So, in these Facebook “debates,” I suppose people thought I support all the lunacy associated with California these days. During the Vietnam War protest era, I was part of that lunacy because (a) I hated the war, and (b) had an apartment in San Francisco’s Mission District while my ship was in port across the Bay and had trouble anywhere I went in a Navy uniform.
When I was told on Facebook that “they” (the people in the thread) didn’t need a person from a crazy state telling people in the South that he (meaning me) thought the state and federal governments had no right to legislate or otherwise mess up women’s health care, including the right to an abortion, I said, “ladies, I’ve lived in the South longer than anyone else commenting on this thread.”
Huh? I said that I grew up in Florida from the first grade to college and now live in Georgia where my wife was born. We live on a farm that’s been in her family for five generations. They were surprised. They were happy to see that I had changed the town where I’m from to Tallahassee, Florida, and appreciated the fact that I like boiled peanuts, collard greens, mullet, grits, and cathead biscuits.
However, according to their assessment, a California birth certificate meant that even if you left the state at an early age, you were more or less the devil’s spawn and couldn’t possibly go to enough church services to get even with the Lord. If not that, then I was probably dropped on my head in the hospital.
So there it was. Clearly, my identification with California was an albatross around my neck. In the old days (whatever that means) people said Florida really wasn’t truly Southern. My response was that North Florida was/is about as Southern as you can get and that unlike other states in the Confederacy, “we” weren’t conquered by the North during the Civil War. Okay, so we’re overrun by snowbirds every year and from Live Oak to Miami, the state’s been pretty much ruined by developers who’ve paved over everything there that used to be good and created endless sprawl.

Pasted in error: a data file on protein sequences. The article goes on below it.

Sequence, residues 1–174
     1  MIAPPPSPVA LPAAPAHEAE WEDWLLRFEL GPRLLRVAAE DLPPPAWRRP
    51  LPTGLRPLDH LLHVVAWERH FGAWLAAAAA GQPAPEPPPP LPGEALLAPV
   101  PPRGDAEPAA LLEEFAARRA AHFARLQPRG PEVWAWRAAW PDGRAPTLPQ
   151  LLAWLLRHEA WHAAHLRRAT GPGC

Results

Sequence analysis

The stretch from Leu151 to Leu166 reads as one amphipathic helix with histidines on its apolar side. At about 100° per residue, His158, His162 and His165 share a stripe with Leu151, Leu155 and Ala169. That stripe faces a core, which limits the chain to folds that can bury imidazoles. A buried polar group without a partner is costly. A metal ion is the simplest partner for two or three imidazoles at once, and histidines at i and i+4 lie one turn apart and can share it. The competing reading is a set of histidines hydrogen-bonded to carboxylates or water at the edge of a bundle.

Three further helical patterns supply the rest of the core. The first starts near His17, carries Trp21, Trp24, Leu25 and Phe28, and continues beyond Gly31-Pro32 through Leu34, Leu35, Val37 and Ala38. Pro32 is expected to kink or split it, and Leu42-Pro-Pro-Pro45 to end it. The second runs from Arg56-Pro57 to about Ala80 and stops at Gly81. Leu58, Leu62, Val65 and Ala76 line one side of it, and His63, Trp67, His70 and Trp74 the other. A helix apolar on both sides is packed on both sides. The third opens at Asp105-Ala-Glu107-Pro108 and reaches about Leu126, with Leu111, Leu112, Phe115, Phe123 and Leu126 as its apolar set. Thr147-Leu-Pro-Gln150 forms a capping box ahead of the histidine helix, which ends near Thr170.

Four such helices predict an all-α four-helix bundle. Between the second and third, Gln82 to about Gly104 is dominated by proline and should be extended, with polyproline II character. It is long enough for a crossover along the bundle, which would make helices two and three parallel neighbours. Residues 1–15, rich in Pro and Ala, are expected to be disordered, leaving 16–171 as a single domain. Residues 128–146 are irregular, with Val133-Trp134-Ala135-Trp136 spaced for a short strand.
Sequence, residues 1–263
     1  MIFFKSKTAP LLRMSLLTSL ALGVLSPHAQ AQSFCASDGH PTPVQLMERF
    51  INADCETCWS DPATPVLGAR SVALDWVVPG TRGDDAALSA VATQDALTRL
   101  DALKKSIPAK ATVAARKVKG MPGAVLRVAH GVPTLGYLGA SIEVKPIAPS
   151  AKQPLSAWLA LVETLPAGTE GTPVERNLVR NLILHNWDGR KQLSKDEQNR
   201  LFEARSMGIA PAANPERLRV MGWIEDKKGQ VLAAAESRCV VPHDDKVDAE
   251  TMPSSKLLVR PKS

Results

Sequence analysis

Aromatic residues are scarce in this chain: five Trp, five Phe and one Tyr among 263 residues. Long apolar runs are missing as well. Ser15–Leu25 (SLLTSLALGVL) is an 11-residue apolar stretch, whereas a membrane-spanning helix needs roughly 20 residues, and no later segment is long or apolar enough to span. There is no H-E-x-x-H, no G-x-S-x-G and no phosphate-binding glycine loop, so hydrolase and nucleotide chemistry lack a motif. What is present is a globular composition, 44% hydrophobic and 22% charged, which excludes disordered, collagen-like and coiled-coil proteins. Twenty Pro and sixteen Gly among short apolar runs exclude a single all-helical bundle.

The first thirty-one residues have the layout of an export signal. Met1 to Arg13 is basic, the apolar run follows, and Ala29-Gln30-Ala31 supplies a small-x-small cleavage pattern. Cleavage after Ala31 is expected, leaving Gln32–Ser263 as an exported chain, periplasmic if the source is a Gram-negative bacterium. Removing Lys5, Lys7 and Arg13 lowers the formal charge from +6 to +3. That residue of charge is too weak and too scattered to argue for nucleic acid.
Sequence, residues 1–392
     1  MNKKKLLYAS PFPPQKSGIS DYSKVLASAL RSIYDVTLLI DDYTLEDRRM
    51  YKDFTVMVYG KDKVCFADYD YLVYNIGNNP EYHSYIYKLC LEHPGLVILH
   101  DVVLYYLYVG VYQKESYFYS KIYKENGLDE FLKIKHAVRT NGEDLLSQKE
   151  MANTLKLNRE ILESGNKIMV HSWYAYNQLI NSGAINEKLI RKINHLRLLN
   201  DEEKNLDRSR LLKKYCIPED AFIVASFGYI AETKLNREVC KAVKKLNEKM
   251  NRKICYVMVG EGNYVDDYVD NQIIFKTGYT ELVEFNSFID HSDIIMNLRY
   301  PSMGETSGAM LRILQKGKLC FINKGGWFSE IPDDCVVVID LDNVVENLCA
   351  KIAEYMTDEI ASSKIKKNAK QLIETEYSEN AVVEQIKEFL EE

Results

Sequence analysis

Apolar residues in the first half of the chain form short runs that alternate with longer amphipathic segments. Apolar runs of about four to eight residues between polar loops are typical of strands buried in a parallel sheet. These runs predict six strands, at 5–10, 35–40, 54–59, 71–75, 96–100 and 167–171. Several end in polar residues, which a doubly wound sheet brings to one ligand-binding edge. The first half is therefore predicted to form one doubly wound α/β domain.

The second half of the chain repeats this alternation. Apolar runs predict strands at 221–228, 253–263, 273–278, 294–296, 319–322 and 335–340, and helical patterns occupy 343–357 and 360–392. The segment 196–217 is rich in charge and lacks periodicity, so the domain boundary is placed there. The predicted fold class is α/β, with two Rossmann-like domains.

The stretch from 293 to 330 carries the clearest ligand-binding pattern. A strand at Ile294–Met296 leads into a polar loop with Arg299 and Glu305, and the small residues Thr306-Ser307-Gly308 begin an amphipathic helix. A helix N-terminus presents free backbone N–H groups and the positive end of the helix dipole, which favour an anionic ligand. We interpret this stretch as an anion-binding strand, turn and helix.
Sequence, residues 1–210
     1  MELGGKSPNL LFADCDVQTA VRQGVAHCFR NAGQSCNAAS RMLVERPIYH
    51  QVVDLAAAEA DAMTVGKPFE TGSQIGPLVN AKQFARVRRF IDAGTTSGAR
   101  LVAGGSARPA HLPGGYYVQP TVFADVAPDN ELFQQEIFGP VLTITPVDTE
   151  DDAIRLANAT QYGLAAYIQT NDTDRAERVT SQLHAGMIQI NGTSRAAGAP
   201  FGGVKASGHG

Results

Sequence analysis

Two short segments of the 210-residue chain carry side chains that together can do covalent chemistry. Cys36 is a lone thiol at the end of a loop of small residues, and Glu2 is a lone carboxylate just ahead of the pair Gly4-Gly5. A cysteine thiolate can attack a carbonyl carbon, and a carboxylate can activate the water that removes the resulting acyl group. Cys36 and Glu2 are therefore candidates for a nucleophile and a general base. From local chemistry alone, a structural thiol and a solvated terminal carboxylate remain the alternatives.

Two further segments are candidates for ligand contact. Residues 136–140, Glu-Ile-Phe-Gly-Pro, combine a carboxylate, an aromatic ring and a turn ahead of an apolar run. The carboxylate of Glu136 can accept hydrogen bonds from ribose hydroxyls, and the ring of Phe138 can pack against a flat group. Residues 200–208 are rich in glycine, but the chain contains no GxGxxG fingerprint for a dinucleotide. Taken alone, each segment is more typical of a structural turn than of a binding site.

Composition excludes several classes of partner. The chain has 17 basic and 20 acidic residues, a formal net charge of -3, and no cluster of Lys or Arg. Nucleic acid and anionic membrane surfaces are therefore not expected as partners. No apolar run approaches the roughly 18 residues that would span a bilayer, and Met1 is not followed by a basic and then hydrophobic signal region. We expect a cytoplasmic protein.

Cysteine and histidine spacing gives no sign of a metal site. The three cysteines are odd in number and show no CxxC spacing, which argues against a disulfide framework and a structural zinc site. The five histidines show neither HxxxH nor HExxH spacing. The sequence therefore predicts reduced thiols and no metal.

But, I digress.
On the minus side, now that I’ve changed my Facebook hometown to Tallahassee, everyone thinks I’m a racist. When they push that view too hard, I mention that the biggest race riots in the country all happened outside the South.
Is there a safe place out there I can claim as my hometown?
This powerful story needed to be told. That power comes, in part, through Whitehead’s restraint as he tells a fictionalized story about Florida’s notorious Dozier School (called Nickel in the novel) in a straightforward, almost deadpan style. That is, he lets most of the atrocities speak for themselves rather than resorting to purple prose and sentimentality.
Floridians, who grew up in the panhandle and knew Dozier was a hell hole before the authorities knew (or admitted) it was a hell hole, will appreciate the care Whitehead took with his research into the school itself, the environment, and the Tallahassee neighborhood where college-bound Elwood Curtis grew up. The random and unfair vicissitudes of life for African Americans are aptly and horrifyingly demonstrated early on via the event that sends Curtis to the Nickel School.
Yet, I was disappointed in this novel and ended up with mixed feelings about it. One flaw came from the sudden uses of an omniscient author to explain Nickel customs and realities that should have been communicated to readers via dialogue or through the actions of the characters. Suddenly, Whitehead was more reporter than novelist.
Without giving away a spoiler here, suffice it to say that the authorial trickery in several places where the narrative jumps into the future are intolerable. The sections are not only jolting when they suddenly appear out of sequence with the chronological story but mislead the reader so that Whitehead can enhance the drama surrounding Curtis near the end of the novel. The realities here are interesting and make for an engaging subplot that could have been written without lying to the reader.
The protagonist’s near-worship of Dr. Martin Luther King, especially King’s belief that no matter what was done to the African American race, it should return only love–serves as an effective counterpoint throughout the novel. Can Curtis love his tormentors? The Nickel School tests Curtis over and over again, making it difficult for him–and the other “students”–to maintain a true sense of self in a land where the realities inside the school are similar to the realities outside the school.
The book is strong. It could have been stronger. I recommend it in spite of the flaws.
Malcolm R. Campbell grew up in the Florida Panhandle in the era when the novel is set, delivered telegrams in the Frenchtown neighborhood where the protagonist grew up, and saw the Dozier school many times before it became a news story. He mentioned the Dozier school in his short story “Cora’s Crossing,” included in the collection Widely Scattered Ghosts.